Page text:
What would you like to see today?
Now that more than half of all American adults have received at least one COVID-19 vaccine dose, workplaces are getting ready to reopen and return to a sense of pre-pandemic normalcy.
But that doesn’t mean we can go back to “the way things were.”
Disruptions will continue to challenge our workforce and the people who are leading it. So workforce leaders across every industry will need to know how to be an effective leader during times of crisis, disruption, and change if they’re going to be able to lead successful teams and organizations through the future of work.
If you want to know how to be a great leader who can connect, inspire, and motivate people during times of crisis, there’s no better person to learn the ropes from than Dr. Shereef Elnahal.
Dr. Elnahal is the president and CEO of University Hospital right here in Newark, New Jersey. He has been leading New Jersey’s only publicly-owned hospital during the pandemic, which has given him a unique perspective on how to conduct yourself as a leader during times of crisis while successfully adapting and working through all the challenges our frontline workers and healthcare professionals have had to overcome during COVID-19.
Before he became the CEO of University Hospital, Dr. Elnahal served as New Jersey’s 21st Commissioner of Health in the administration of Governor Phil Murphy, and he was appointed by President Barack Obama as a White House Fellow to the U.S. Department of Veterans Affairs. Dr. Elnahal also holds a Doctor of Medicine from Harvard Medical School.
If there’s anyone who has a road map on leadership during times of crisis and disruption, it’s Dr. Elnahal. So here are Dr. Elnahal’s five critical leadership tips for leaders who want to motivate, inspire, and lift up their people no matter what disruptions the future of work has in store:
The staff at University Hospital are used to dealing with high-stress situations and challenges. After all, they’re healthcare workers treating patients in the only publicly-owned hospital in New Jersey.
However, the scope of the pandemic was unlike anything the hospital staff had ever experienced.
As Dr. Elnahal pointed out in his episode of 1Huddle’s Bring It In podcast, the concept of a pandemic “was very much conceptual” before COVID-19. No American healthcare professional who is alive today had ever experienced treating patients during a pandemic, since the last large-scale pandemic in America happened more than a century ago in 1918.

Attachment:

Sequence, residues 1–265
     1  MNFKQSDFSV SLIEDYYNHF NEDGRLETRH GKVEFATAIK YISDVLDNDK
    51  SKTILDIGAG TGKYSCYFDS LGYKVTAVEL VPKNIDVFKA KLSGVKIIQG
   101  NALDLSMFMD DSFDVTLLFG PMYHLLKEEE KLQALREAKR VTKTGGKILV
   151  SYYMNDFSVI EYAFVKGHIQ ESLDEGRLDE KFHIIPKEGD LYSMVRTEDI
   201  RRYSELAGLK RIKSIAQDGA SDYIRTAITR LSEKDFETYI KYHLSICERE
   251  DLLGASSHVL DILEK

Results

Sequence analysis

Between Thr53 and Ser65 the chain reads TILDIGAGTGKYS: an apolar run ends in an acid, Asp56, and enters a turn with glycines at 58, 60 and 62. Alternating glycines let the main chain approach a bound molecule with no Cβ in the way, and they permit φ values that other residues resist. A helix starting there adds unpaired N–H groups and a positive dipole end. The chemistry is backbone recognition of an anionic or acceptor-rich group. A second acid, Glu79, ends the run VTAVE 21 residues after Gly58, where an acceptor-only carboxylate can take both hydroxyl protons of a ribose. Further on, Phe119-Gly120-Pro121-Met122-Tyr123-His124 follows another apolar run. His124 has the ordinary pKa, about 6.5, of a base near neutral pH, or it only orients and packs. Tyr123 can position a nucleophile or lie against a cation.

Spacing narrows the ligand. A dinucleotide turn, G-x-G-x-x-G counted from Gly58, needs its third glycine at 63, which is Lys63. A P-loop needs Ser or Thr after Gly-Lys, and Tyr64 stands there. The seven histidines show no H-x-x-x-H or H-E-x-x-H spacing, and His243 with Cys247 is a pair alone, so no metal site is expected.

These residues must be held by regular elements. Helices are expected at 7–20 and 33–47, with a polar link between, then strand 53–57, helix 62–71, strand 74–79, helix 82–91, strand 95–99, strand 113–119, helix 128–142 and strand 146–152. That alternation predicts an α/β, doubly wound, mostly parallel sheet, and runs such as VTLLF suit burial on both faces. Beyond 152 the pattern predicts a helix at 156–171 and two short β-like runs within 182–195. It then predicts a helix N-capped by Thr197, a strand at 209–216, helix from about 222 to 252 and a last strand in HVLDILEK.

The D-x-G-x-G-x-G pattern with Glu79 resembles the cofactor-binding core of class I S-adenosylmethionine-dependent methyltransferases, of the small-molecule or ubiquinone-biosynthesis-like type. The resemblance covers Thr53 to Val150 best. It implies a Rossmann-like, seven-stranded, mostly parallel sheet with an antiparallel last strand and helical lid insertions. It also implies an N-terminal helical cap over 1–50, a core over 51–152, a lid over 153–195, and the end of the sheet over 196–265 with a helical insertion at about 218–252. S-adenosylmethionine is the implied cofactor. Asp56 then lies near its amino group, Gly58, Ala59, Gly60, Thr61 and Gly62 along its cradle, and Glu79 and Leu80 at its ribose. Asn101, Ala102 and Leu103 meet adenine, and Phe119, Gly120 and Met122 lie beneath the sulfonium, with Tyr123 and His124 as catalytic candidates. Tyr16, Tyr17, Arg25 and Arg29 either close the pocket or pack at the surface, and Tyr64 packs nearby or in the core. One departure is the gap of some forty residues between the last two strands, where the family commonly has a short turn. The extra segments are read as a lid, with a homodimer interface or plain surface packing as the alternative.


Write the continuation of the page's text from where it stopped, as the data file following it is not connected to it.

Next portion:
There was no roadmap for how to lead, take action, or work during a pandemic. The hospital’s leadership didn’t have protocols and plans ready. Simply put: at an institutional level, no one was prepared for COVID-19. So rather than following a roadmap, Dr. Elnahal had to create his own.
Dr. Elnahal said that “it’s been a century since this has happened, so anybody who claims to have the right answer at any given juncture is either misleading or not understanding the moment they’re in. To make mistakes is part of the process of never having gone through something before.”
Even though Dr. Elnahal didn’t always have the right answers, he kept his staff connected and trusting in one another by admitting when he didn’t know something, and continuing to learn and adapt to all the different challenges the pandemic presented.
Above all, remaining humble and admitting both to your team and to yourself what you don’t know is one way Dr. Elnahal served as an honest and effective leader who was able to guide his staff through the pandemic over the past year.
What do you do when you don’t know what to do? When your staff is scared and working conditions are unpredictable?
You communicate openly, honestly, clearly, and as frequently as you can. Dr. Elnahal talks about the importance of communicating at “levels that you’ve never had to use before” when dealing with a crisis situation.
For him, that meant starting a weekly town hall meeting where members of the hospital staff and community could ask questions “even if the question was very much one that caught us off guard or highlighted a vulnerability in terms of our response,” Dr. Elnahal said.
Dr. Elnahal worked hard to create an environment where people felt comfortable expressing their worries, opinions, and concerns, so that he and other members of hospital leadership would be able to address the problems hospital staff were having. Being a true leader means you have to facilitate reliable communication on a regular basis that will bring people together and make it clear that leadership is prioritizing the needs of their staff and patients.
This principle is important for every workforce leader — whether you’re managing a small team that’s working remotely or leading hundreds of workers on the front lines. Remaining present and fostering fast and effective lines of communication is essential for leaders who want to keep their team connected and create a culture of trust and reliability.
Great leaders aren’t scared of feedback — they welcome it.